A Land Divided | 24-27 March 2013 | University of Cape Town. Land and South African Society in 2013 | A Comparative Perspective.

‘What we talk about when we talk about writing’

Extracurricular workshops for students looking to develop their written skills. UCT Conference on Teaching and Learning | 2012.

Abstract

Many who teach in the field of literary studies at UCT feel the need for a forum which provides writing support to students within our discipline, especially since our work requires a particular attention to the handling of language. We have noticed that quite serious problems with essay writing persist into third-year undergraduate courses, and would like to redress these. At the same time, we hope to develop a writing programme that goes beyond just remedial sessions or the idea of a ‘writing clinic’. Indeed, redefining the matter of (student) writing as a practice, a discipline and a long-term intellectual project – rather than a problem – will be central to the approach.

In this conference I hope to explore the idea of academic writing in a wider, more dynamic and creative way. Who says, after all, that scholarship should be any less ‘creative’ than the MA programme for novelists, playwrights and poets? ‘What we talk about when we talk about writing’ (apologies to Raymond Carver) will be aimed at committed students who are looking to hone their written work, to have it read regularly by their peers, and to become fluent in a range of different scholarly registers: from careful archival research and peer-reviewed journal articles to more public modes like the essay and the review.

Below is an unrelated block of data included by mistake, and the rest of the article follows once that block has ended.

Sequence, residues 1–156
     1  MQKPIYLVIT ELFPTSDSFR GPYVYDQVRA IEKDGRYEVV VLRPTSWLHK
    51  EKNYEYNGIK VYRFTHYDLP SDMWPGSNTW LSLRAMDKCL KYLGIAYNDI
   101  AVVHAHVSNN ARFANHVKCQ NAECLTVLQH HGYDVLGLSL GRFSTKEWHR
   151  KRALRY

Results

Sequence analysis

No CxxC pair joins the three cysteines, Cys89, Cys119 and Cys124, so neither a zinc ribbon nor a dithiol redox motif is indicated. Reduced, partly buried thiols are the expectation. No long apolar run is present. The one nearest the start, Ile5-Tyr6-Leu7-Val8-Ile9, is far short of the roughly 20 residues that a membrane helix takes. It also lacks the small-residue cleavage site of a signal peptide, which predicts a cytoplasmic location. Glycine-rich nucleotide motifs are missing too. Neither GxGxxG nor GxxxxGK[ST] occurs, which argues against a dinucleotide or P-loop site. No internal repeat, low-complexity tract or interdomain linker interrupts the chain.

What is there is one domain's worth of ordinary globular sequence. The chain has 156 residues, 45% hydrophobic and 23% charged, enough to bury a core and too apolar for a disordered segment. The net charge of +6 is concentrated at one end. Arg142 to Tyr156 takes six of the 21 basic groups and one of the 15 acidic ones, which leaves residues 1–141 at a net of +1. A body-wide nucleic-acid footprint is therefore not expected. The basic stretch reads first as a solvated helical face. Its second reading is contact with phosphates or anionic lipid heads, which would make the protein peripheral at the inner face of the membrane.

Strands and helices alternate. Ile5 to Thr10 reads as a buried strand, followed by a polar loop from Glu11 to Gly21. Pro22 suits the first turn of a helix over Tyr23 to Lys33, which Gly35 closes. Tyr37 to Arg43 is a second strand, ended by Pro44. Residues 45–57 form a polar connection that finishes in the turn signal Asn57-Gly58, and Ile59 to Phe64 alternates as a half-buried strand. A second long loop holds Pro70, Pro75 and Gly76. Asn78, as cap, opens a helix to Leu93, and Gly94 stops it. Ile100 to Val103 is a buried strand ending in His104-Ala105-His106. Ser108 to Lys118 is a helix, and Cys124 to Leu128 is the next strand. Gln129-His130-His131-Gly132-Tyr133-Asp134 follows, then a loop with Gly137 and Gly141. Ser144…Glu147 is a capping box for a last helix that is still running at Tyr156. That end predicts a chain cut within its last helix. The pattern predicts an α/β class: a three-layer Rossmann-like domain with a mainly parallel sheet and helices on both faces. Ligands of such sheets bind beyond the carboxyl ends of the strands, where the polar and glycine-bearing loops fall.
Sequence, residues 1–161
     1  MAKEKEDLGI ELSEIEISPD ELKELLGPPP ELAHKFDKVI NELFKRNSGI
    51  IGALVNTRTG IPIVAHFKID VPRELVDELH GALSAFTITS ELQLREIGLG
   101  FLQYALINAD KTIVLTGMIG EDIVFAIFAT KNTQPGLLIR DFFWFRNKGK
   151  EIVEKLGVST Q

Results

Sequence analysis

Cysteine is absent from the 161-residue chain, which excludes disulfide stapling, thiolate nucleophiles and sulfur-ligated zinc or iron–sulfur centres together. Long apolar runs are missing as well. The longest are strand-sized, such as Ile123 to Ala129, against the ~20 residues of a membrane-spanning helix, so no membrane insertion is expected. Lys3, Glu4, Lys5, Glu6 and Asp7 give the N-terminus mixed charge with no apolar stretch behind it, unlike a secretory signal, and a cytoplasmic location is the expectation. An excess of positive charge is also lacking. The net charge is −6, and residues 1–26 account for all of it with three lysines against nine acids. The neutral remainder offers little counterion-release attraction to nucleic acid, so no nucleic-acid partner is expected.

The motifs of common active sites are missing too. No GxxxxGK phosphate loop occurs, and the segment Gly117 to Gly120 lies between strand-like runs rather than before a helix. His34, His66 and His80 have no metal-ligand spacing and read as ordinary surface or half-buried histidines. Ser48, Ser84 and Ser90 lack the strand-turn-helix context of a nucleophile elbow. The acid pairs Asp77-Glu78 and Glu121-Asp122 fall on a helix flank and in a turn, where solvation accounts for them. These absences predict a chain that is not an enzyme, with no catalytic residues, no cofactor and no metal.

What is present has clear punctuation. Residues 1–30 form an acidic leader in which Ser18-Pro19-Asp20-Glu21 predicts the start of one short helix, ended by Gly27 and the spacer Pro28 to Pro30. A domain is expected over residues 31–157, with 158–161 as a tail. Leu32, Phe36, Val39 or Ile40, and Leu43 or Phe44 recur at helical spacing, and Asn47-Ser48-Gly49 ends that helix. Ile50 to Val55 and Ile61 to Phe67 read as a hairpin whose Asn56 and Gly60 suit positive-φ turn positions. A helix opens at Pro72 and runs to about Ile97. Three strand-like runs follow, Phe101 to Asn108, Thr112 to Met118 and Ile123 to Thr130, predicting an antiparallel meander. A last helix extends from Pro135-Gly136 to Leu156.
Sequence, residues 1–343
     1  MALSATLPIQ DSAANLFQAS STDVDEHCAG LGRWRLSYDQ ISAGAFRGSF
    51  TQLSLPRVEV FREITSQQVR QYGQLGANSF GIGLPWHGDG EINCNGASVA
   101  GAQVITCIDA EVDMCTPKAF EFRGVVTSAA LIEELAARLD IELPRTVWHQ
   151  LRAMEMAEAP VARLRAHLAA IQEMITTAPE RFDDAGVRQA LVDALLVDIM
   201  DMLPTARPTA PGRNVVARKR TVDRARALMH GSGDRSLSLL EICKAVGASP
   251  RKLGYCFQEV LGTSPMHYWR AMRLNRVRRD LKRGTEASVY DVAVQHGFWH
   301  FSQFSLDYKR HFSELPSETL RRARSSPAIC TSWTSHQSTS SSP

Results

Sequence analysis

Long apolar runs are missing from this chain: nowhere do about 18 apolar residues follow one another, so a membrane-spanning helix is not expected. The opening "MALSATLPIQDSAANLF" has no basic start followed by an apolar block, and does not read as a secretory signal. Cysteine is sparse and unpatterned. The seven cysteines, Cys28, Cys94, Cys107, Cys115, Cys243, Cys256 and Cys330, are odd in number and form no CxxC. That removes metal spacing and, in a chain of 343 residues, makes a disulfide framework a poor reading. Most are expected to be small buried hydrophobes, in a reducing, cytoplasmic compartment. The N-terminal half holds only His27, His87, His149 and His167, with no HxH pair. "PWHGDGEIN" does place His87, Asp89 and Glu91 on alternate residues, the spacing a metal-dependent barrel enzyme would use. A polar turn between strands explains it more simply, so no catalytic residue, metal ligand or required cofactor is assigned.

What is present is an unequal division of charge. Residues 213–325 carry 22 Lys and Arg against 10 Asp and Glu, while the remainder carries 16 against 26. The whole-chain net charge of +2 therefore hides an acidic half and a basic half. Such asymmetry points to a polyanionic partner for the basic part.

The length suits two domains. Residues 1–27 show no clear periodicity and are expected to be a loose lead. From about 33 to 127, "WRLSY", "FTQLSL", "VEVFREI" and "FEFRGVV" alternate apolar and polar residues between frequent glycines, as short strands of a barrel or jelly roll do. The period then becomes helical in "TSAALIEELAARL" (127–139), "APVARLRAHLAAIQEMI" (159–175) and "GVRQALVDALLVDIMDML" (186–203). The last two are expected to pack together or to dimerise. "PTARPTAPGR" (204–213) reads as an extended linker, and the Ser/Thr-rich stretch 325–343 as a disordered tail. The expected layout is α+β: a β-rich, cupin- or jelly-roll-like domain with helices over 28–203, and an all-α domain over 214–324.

From ‘Kipling of the Malay Archipelago’...

...to Conrad of the Karoo: The making and unmaking of literary reputation in the late 19th century.

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Outposts of Progress: Joseph Conrad, Modernism and (Post)colonialism. International Conference in Cape Town, December 2011.

...I sort of drifted up country looking at hospitals and wounded men and guns and generals and wondering as I have never wondered before at the huge size of the country. Try to imagine a railway journey (on a 3 ’6’’ track) of seven and eight hundred miles before you can get within spotting distance of your enemy. It was like a journey in a nightmare...

Kipling to James Conland, 24 July 1900.